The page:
At the event, McMaster touted his administration’s decision to fork over tens of millions of tax dollars to liberal billionaire David Tepper – owner of the National Football League (NFL)’s Carolina Panthers.
In return, Tepper is pledging to locate the Panthers’ corporate headquarters in Rock Hill, S.C. – and to move its practice facilities from Spartanburg, S.C. to Rock Hill.
“Touchdown South Carolina” one Upstate media outlet giddily proclaimed, echoing the incessant cheerleading on behalf of this project by local “journalists” over the last few months.
Not everyone in the press was thrilled, though …
“There’s one thing I can’t get past, and that’s this: Throughout the process, it seems there’s been little discussion and even less regard for what this change means for Spartanburg,” columnist Bob Dalton of The Spartanburg Herald-Journal noted. “Not when the Panthers announced plans to build a new headquarters and practice facility. Not when it was announced they had found a site. Not when the state legislature debated giving the team a tax break to bring it all to Rock Hill.”
Indeed … Spartanburg got completely shafted. And no one seems to care.
Not counting that lost revenue, this tax break is of dubious economic value … unless you happen to be a wealthy, connected congressman who owns property adjacent to this complex (or a politician collecting checks from Tepper).
McMaster and S.C. commerce secretary Bobby Hitt continue to claim the Panthers’ facility will create 5,715 new jobs and have an economic impact of more than $3.8 billion. However, another estimate commissioned by Democratic state senator Dick Harpootlian (below) revealed the state’s projections were “unfathomably high” and that the project would only create around 200 jobs.
(Click to view)
Whatever the return on investment winds up being, it doesn’t change the fact South Carolina has no business making such an investment in the first place.
Tepper is the richest owner in the NFL – worth more than $11 billion. In other words, he does not need tax breaks to subsidize this facility. Nonetheless, he convinced McMaster and state lawmakers to fork over an estimated $160 million – right before he sold his ownership share in the Pittsburgh Steelers for nearly that same amount.
Also let’s not forget $40 million of this handout will go toward a totally unnecessary interchange on Interstate 77 at a time when there are glaring infrastructure needs elsewhere in the state.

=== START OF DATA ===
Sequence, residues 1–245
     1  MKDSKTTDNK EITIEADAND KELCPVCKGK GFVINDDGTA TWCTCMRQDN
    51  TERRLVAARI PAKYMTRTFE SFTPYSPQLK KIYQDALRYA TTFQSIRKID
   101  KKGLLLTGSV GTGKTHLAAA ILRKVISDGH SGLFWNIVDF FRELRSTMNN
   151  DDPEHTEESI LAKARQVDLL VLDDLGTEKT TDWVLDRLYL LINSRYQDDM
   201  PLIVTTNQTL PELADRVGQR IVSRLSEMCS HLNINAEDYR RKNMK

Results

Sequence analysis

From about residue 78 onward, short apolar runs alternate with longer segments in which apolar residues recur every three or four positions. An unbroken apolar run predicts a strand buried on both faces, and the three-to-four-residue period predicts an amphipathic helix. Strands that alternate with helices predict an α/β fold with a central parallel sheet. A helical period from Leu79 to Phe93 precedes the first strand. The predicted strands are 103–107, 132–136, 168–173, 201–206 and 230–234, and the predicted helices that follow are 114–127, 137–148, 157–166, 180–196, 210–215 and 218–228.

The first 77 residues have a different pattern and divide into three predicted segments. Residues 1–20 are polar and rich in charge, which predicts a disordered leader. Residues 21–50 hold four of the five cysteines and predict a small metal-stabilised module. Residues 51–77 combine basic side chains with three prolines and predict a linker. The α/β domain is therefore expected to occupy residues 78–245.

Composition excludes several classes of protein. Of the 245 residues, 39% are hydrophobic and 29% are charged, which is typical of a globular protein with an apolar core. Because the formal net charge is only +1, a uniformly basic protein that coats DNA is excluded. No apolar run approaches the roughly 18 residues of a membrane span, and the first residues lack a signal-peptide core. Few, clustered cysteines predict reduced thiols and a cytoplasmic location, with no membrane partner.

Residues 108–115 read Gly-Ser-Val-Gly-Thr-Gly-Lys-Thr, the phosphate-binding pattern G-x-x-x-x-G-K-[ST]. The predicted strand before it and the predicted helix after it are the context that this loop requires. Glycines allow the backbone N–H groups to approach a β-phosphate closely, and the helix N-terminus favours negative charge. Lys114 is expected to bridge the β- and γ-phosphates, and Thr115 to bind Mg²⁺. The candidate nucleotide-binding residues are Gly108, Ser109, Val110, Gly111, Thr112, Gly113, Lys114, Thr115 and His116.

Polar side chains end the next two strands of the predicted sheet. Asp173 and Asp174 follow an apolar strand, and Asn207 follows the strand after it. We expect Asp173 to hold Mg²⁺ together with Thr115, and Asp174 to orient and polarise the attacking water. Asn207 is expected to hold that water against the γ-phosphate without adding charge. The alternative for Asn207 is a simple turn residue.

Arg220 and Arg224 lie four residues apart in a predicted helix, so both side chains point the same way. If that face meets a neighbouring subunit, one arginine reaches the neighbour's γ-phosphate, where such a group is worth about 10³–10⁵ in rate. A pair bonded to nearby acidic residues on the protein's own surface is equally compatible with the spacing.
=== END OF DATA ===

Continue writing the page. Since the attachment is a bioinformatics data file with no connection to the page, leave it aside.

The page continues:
All of this is why we opposed this handout from the very beginning …[su_dominion_video_scb]
There are political calculations to consider, too. Remember, Tepper has previously called McMaster’s chief political ally – U.S. president Donald Trump – a “demented, narcissistic scumbag” and “the father of lies.”
That should make for some interesting conversation the next time McMaster calls upon Trump to bail him out politically. It also has the makings of an extremely effective political hit on McMaster, who absent his “Trump card” would have lost the 2018 GOP gubernatorial nomination to Upstate businessman John Warren.
The biggest problem McMaster is facing, though, has nothing to do with economics or politics.
It is a problem of expectations.
Over the past few months, media outlets have plastered the internet with hundreds of headlines proclaiming “The Panthers are coming to South Carolina.” Some of these headlines have made it clear the team is merely relocating its corporate offices … many have not.
See the potential issue? Thousands of South Carolinians are convinced McMaster has landed the Palmetto State an NFL franchise. Our guess is there will be a letdown when they realize this is not the case.
Actually, an attempt was made to force the Panthers to play two of their eight home games in the Palmetto State each year as a condition of receiving these incentives – but lawmakers declined to include that stipulation in the $160 million giveaway.
As a result the Panthers will continue to play all of their home games at Bank of America stadium in Charlotte, N.C., as they have since 1996.
So no … the Panthers are not coming to South Carolina. But South Carolina taxpayers will be paying for them anyway.
“With each new crony capitalist handout to billionaires like Tepper, the likelihood of substantive tax relief being provided to middle income South Carolinians (i.e. the small business owners that truly power our economy) diminishes further,” we noted earlier this year. “If we have said it once, we have said it million times … even when government picks a ‘winner,’ there are losers. And in South Carolina, we are tired of seeing deals like this that further erode the ability of small businesses to compete in the economy.”
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